where y is the predicted response (the degradation rate of AFB1), xixj are independent variables, β0 is the offset term, βi is the linear coefficient, βii is the quadratic coefficient, and βij is the second-order interaction coefficient [23]. Data were analyzed using the response surface regression procedure (SAS 8.0) where x is the coded level of the independent variable.

2.4. Inhibition of AFB1 by R. erythropolis in Peanuts

Peanuts that reach commercial level of maturity were harvested and used immediately or stored at 4 °C for use within 48 h. For preparation, the peanut kernels were washed with tap water, then surface-disinfected with 0.1% sodium hypochlorite for 1 min, cleaned with tap water and air dried [17]. Twenty grams of peanuts were placed in each of the four autoclaved 100 mL flasks (three treatments plus one control). The three treatments were: (A) Two milliliters of R. erythropolis cell suspension (108 CFU/mL); (B) 2 mL B. megaterium cell suspension (108 CFU/mL); (C) 1 mL each of R. erythropolis and B. megaterium cell suspension (108 CFU/mL); and (D) sterile distilled water (control). After incubation at room temperature for three hours, 200 μL of A. flavus spores at a concentration of 106 spores/mL were inoculated into each flask. The flasks were placed in growth chamber (QHX-300BS-III, Shanghai Xinmiao) with controlled humidity at 85% and temperature at 30 °C for incubation. The concentration of aflatoxin B1 was examined after seven days’ inoculation using high performance liquid chromatography (HPLC) [24].

3. Results and Discussion

3.1. Plackett-Burman Design

The design matrix selected for the screening of significant variables for the degradation of AFB1 and the corresponding responses are shown in Table 2. The adequacy of the model was calculated, and the variables evidencing statistically significant effects were screened via Student’s t-test for ANOVA (Table 3). It is indicated that temperature, pH, liquid volume and incubation time were the most important factors. The polynomial model describing the correlation between the formulation and the variables (x1 − x6) and the degradation rate of AFB1 (y) can be expressed by the following equation:

Toxins 04 01181 i003

Table 2. Experimental designs and the results of the PB design.

Click here to display table

Table 2. Experimental designs and the results of the PB design.
Runx1x2x3x4x5x6y (%)
1−1−1−1−1−1−118.1
21−1−1−1−1110.6
3−11−1−1−1180.9
411−1−1−1−112.6
5−1−11−1−1175.0
61−11−1−1−113.4
7−111−1−1−126.2
8111−1−1111.8
9−1−1−11−1151.4
101−1−11−1−110.9
11−11−11−1−127.2
1211−11−1111.3
13−1−111−1−149.0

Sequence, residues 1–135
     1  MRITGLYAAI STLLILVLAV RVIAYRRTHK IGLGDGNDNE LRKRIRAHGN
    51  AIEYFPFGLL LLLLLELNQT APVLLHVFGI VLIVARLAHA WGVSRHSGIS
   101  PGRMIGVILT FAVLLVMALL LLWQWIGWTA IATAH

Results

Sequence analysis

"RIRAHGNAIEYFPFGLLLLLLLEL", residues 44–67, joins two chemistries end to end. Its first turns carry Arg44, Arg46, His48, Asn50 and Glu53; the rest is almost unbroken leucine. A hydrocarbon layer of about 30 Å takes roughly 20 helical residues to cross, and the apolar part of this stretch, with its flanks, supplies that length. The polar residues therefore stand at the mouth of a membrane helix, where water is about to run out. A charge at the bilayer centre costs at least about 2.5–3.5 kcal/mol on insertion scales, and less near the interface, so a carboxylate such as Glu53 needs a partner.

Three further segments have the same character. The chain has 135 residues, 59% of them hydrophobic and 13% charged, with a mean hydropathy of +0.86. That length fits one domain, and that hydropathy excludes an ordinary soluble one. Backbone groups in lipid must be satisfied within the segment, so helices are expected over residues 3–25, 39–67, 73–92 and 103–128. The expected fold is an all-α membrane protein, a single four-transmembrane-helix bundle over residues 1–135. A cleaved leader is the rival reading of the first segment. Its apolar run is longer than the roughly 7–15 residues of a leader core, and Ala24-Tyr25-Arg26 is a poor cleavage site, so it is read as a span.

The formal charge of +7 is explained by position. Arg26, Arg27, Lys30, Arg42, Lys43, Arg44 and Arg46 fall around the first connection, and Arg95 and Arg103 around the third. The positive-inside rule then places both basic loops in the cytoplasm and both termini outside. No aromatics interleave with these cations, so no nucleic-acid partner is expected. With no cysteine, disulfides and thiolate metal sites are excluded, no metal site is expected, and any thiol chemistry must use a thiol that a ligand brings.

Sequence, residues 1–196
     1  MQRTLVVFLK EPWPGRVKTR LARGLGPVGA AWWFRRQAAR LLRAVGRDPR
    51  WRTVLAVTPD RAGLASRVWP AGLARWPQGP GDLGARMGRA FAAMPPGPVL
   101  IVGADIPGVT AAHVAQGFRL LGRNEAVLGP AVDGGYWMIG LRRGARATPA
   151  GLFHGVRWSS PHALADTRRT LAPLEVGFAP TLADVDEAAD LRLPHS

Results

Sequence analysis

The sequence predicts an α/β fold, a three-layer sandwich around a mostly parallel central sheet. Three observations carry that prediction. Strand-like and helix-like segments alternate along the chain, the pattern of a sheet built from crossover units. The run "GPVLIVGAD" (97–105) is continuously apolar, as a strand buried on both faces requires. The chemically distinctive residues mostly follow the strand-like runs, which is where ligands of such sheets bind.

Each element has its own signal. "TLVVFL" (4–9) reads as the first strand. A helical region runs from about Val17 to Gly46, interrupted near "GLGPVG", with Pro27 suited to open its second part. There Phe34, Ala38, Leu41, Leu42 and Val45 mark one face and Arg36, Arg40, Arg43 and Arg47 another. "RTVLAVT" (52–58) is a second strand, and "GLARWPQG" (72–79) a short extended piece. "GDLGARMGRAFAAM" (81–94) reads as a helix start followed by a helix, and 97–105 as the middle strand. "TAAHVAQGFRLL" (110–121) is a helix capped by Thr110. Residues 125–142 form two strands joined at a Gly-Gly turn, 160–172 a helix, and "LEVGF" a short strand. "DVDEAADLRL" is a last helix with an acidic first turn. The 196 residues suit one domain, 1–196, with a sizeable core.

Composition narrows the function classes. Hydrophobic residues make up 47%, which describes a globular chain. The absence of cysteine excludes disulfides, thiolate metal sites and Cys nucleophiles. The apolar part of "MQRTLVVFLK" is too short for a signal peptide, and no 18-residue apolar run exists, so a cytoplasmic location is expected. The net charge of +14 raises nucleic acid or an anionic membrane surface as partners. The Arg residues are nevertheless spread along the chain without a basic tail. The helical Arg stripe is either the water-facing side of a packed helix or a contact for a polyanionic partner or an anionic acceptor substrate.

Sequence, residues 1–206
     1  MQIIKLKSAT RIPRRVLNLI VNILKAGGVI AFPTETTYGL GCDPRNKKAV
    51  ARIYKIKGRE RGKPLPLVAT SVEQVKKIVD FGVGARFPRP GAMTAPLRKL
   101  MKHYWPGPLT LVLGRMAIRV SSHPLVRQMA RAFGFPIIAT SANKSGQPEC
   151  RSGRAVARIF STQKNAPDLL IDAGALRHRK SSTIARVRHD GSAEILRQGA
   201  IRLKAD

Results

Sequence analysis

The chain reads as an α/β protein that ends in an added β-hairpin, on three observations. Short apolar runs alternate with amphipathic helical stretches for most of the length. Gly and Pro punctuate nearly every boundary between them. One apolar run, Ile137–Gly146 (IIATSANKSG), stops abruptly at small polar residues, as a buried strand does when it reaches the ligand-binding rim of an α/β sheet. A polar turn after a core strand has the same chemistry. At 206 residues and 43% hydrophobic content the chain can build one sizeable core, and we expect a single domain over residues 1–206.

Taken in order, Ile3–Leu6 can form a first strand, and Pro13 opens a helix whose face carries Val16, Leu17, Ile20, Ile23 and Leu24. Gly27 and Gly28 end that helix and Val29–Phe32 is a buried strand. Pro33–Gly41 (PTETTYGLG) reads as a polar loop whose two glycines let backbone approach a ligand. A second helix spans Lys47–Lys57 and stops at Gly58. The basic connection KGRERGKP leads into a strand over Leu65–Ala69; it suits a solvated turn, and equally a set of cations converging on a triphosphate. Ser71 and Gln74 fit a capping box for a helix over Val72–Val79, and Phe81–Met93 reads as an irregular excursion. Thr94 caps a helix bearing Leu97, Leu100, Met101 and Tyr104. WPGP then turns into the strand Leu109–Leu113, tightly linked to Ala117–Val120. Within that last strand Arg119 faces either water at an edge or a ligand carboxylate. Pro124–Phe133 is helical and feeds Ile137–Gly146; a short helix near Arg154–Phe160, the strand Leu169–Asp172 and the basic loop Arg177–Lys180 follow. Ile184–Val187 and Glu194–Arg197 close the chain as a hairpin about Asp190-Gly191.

141−111−119.2
15−1111−1190.6
161111−1−134.9
17−1−1−1−11126.6
181−1−1−11−115.8
19−11−1−11−114.5
2011−1−11112.5
21−1−11−11−122.9
221−11−11122.8
23−111−11185.7
24111−11−121.2
25−1−1−111−112.2
261−1−11118.7
27−11−111162.8
2811−111−126.7
29−1−1111140.3
301−1111−119.8
31−11111−132.3
3211111145.2
3300000079.4
3400000081.4
3500000079.8
3600000080.9
Table 3. Identifying significant variables for the degradation of AFB1 using Plackett–Burman design.

Click here to display table

Table 3. Identifying significant variables for the degradation of AFB1 using Plackett–Burman design.
VariableCoefficientst Valuep-value
Intercept31.3468810.52<0.0001
x1−13.38438−4.490.0001
x25.928131.990.0578
x36.171882.070.0489
x41.934380.650.5223
x5−1.97187−0.660.5143
x68.990633.020.0058

The results of the t-test for variance between the average of observation of the 2-level experiment and the center point showed that the difference was significant (P < 0.05). This indicated that the optimum point was in the domain of our experiment. The next step in the optimization of the degradation efficiencies was to determine the optimum levels of significant variables. For this purpose, the RSM, using a central composite design, was adopted for optimization of the degradation efficiencies.

3.2. Central Composite Design and Response Surface Analysis

A central composite design (CCD) under RSM was used to analyze the interactive effect of temperature, pH, liquid volume and incubation time to reach an optimum level. The design matrix and the corresponding results of the RSM experiments to determine the effects of four independent variables are shown in Table 4.

Table 4. The matrix of the central composite design (CCD) experiment and the corresponding experimental data.

Click here to display table

Table 4. The matrix of the central composite design (CCD) experiment and the corresponding experimental data.
Runsx1x2x3x6y (%)
1−1−1−1−157.6
2−1−1−1147.8
3−1−11−174.9
4−1−11180.4
5−11−1−164.2
6−11−1172.4
7−111−165.3
8−111190.4
91−1−1−147.0
101−1−1146.3
111−11−164.8
121−11162.0
1311−1−154.6
1411−1159.7
15111−160.5
16111165.1
17−200068.1
18200053.7
190−20069.1
20020092.2
2100−2068.5
22002095.5
23000−260.7
24000295.8
25000082.6
26000084.4
27000083.7
28000083.9
29000083.4
30000082.2
31000084.0

x1 = (X1 − 25)/5; x2 = (X2 − 7.0)/0.5; x3 = (X3 − 20)/5; x6 = (X6 − 72)/12.

Experimental data were used in the response surface regression (RSREG) procedure of SAS to find the coefficients of the response function. The coefficients of the response function for the degradation efficiencies are listed in Table 5. In this case, temperature, pH, liquid volume and incubation time had a significant effect on degradation of AFB1 (P < 0.05), as well as the quadratic terms of temperature. The fitness of the model was examined by the coefficient of determination R2, which was found to be 0.8096, indicating that the sample variation of 80.96% was attributed to the variables. The model can be shown as follows: